$$\begin{aligned} \textstyle\begin{cases} \frac{dS}{dt} | _{S=0}=\Lambda \geq 0, \\ \frac{dE}{dt} | _{E=0}=(1-q)kp_{is}SI\geq 0, \\ \frac{dI}{dt} | _{I=0}=\sigma E\geq 0, \\ \frac{dE_{q}}{dt} | _{E_{q}=0}=qkp_{is}SI\geq 0. \end{cases}\displaystyle \end{aligned}$$

Thus, Proposition 2.1 of [19] implies that each solution of (2) remains in \(\mathbf{R}^{4}_{+}\).

Further, we denote by \(N=S+E+I+E_{q}\) the human total population. Thus, it follows that

$$\begin{aligned} \frac{dN}{dt}\leq \Lambda -\mu N, \end{aligned}$$

that is,

$$ \limsup_{t \rightarrow \infty }N \leq \frac{ \Lambda }{\mu }, $$
(3)

which shows that all solutions of (2) are bounded.

Thus, the suitable region for system (2) is

$$\begin{aligned} \mathcal{D}= \biggl\{ (S,E,I,E_{q}) \in \mathbf{R}_{+}^{4} : N \leq \frac{ \Lambda }{\mu } \biggr\} . \end{aligned}$$

It can be verified that the compact region \(\mathcal{D}\) is positively invariant and attracting under the flow described by (2).

For the rest of the paper, we will study the dynamics of model (2) in \(\mathcal{D}\).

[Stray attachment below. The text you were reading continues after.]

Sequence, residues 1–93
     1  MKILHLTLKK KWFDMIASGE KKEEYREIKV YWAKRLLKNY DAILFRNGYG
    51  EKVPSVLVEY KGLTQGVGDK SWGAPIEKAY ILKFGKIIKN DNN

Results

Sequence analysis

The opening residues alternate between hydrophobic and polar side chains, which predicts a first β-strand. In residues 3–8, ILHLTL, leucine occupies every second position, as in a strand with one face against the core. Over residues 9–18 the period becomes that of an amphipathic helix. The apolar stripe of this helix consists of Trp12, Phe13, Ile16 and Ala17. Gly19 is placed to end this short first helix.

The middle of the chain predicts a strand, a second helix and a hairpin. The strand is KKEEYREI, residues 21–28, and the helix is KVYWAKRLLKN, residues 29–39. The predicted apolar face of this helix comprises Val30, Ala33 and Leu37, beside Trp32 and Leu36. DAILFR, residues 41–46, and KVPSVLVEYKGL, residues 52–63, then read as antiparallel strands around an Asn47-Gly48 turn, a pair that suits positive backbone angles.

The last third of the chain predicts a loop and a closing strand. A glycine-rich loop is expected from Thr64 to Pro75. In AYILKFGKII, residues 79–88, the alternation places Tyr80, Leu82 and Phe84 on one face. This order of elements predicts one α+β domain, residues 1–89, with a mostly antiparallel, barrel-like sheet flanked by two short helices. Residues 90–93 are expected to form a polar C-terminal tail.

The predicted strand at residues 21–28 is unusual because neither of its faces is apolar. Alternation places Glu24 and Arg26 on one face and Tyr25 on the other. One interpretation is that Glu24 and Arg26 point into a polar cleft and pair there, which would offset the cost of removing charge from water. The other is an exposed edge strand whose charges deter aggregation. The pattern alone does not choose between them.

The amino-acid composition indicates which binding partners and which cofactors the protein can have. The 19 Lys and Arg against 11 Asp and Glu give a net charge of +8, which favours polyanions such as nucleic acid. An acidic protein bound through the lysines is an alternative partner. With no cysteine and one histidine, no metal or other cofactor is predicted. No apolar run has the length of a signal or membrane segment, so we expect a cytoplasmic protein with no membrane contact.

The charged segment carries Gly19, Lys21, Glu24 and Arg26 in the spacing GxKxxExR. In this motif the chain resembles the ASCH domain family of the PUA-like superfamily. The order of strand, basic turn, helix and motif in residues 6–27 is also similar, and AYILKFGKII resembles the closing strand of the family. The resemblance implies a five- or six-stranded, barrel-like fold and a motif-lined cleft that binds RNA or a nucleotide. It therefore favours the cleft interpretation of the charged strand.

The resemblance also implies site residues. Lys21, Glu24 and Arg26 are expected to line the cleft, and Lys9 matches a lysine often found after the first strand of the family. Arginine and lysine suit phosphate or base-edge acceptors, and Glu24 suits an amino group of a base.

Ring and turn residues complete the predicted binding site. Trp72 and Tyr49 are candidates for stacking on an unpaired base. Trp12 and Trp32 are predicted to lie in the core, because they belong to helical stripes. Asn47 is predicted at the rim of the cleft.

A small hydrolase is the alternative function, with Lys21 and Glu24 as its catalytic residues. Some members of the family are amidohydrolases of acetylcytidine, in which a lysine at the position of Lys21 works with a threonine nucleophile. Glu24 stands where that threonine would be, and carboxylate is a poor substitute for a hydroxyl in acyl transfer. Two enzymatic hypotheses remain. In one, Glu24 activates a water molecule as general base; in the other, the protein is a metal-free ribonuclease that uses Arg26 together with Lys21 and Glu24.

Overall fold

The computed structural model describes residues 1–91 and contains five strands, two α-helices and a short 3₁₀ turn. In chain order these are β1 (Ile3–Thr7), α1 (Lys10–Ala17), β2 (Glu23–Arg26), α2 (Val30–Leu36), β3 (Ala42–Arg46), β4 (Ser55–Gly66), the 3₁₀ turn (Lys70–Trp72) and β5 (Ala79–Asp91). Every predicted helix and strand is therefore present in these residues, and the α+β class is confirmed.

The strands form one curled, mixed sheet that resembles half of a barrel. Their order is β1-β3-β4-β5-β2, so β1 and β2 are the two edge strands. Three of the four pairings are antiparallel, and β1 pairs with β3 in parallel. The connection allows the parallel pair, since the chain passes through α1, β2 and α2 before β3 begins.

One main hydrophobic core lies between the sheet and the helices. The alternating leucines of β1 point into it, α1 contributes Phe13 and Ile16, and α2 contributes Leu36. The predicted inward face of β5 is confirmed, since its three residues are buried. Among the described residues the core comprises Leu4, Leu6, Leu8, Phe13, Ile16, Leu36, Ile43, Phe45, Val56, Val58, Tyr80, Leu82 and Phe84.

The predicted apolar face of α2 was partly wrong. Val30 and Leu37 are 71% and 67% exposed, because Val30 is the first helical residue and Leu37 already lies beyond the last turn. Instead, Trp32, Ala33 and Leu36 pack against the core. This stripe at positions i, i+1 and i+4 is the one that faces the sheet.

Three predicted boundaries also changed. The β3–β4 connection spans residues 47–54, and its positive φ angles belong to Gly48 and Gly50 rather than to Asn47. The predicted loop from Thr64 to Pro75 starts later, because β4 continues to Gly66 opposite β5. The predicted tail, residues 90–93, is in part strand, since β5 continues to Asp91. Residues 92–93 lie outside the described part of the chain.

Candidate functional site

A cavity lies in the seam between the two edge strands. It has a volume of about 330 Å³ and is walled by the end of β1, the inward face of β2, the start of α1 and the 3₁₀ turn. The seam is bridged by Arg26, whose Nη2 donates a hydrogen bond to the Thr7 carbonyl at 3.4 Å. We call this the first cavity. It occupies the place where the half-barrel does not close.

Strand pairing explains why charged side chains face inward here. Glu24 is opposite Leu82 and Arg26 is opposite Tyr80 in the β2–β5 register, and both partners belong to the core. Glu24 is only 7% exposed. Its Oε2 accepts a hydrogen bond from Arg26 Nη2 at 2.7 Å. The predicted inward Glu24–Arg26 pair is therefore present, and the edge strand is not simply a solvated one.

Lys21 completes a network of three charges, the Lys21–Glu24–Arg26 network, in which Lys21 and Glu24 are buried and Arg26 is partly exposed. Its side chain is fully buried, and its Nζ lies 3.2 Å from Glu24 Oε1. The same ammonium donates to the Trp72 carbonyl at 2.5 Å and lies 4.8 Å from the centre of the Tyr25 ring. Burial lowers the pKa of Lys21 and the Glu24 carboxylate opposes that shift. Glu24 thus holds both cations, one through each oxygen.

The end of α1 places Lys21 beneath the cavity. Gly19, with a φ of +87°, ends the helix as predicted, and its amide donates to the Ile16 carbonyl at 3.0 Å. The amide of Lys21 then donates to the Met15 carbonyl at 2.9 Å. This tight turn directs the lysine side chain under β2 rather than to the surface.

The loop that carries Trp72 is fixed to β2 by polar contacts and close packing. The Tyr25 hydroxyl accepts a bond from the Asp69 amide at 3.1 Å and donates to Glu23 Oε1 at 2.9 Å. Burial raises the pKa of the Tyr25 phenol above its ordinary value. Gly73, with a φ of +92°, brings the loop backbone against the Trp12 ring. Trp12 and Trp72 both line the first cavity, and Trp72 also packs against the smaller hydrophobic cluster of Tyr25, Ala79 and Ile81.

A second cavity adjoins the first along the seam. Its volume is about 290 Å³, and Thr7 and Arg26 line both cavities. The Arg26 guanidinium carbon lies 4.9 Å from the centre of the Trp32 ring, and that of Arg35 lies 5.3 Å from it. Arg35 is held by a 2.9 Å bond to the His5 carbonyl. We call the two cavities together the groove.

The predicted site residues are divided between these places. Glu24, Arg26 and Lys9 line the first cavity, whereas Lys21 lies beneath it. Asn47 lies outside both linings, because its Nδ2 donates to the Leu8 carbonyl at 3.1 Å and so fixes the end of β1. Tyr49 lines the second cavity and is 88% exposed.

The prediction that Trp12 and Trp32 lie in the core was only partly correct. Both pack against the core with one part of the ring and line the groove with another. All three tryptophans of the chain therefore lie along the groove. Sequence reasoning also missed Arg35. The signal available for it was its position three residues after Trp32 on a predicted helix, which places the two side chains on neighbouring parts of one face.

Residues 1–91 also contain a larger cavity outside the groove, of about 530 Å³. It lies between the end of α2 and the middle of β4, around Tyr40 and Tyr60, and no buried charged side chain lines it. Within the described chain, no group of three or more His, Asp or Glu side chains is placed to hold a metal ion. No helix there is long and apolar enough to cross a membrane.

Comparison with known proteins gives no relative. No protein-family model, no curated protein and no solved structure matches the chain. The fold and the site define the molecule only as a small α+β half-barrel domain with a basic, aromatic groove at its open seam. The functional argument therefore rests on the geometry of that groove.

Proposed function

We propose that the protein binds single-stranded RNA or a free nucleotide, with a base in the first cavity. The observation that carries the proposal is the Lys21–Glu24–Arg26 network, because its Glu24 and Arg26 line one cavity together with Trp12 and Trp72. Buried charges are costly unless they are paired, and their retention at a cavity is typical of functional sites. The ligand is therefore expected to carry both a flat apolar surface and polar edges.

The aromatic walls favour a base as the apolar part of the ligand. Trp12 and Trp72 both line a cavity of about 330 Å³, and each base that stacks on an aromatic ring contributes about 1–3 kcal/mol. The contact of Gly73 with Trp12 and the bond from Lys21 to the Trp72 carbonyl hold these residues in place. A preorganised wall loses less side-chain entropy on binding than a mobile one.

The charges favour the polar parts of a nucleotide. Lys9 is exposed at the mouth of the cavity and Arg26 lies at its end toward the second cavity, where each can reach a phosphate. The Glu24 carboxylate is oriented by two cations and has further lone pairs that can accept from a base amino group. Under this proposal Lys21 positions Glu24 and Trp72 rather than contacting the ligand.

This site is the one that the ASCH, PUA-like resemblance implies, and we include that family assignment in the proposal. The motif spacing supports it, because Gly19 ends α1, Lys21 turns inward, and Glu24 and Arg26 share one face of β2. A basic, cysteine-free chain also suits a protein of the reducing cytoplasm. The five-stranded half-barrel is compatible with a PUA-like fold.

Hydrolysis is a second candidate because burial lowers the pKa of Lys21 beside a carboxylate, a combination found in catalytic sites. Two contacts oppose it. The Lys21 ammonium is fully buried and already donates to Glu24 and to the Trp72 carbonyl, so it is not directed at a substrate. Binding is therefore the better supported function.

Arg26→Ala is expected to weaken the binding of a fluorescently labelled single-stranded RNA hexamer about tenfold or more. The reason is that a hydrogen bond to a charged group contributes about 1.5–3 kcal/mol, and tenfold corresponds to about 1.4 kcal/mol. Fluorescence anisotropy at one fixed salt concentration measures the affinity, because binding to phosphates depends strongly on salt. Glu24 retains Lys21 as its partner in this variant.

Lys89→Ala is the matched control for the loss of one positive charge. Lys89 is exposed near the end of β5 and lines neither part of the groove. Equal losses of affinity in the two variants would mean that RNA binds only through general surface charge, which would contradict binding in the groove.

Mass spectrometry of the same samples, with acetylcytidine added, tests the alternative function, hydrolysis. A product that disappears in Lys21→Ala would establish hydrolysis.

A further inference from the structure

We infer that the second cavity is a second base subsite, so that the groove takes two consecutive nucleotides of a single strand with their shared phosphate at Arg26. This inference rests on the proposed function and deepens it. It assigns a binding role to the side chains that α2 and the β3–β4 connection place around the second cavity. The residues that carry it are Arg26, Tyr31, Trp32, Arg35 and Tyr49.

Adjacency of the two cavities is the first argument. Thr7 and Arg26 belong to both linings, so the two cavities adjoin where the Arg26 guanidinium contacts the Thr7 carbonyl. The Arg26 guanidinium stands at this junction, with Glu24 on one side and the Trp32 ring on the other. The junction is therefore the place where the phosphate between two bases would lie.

Proposition 2.1

For every initial value in \(\mathbf{R}_{+}^{4}\), solutions of system (2) exist for all time \(t>0\).

Proof

Since the right-hand side of system (2) is locally Lipschitz, the local existence follows. Since \(\mathcal{D}\) is positively invariant and attracting, all solutions of (2) are bounded, which gives us the global existence. This completes the proof. □

Stability of the disease-free equilibrium

By direct calculation we show that model (2) has a disease-free equilibrium given by

$$\begin{aligned} \mathcal{E}_{0}=\bigl(S^{0},E^{0},I^{0},E_{q}^{0} \bigr) = \biggl( \frac{\Lambda }{\mu },0,0,0 \biggr). \end{aligned}$$

The new infection matrix F and the transition matrix V are given by

$$\begin{aligned} F= \begin{pmatrix} (1-q)kp_{es}\frac{\Lambda }{\mu }& (1-q)kp_{is}\frac{\Lambda }{\mu } \\ 0&0 \end{pmatrix}, \qquad V= \begin{pmatrix} \mu +\sigma &0 \\ -\sigma &\mu +\gamma + \alpha \end{pmatrix}. \end{aligned}$$

The contact tracing-induced reproduction number \(\mathcal{R}_{q}\) of model (2) is then defined as the spectral radius of the next generation matrix \(FV^{-1}\) (see [20]), that is,

$$\begin{aligned} \mathcal{R}_{q}= \rho \bigl(FV^{-1}\bigr)= \frac{k\Lambda (1-q)}{\mu (\sigma +\mu )} \biggl(p_{es}+ \frac{\sigma p_{is}}{\mu +\gamma +\alpha } \biggr). \end{aligned}$$

The local stability result is stated as follows.

Theorem 3.1

If \(\mathcal{R}_{q} \leq 1\), the disease-free equilibrium \(\mathcal{E}_{0}\)is locally asymptotically stable.

Proof

Let \(\mathcal{R}_{q} \leq 1\). It is sufficient to prove that the eigenvalues of Jacobian matrix of system (2) evaluated at \(\mathcal{E}_{0}\) have negative real parts.

Direct calculation shows that these eigenvalues are solutions of the equation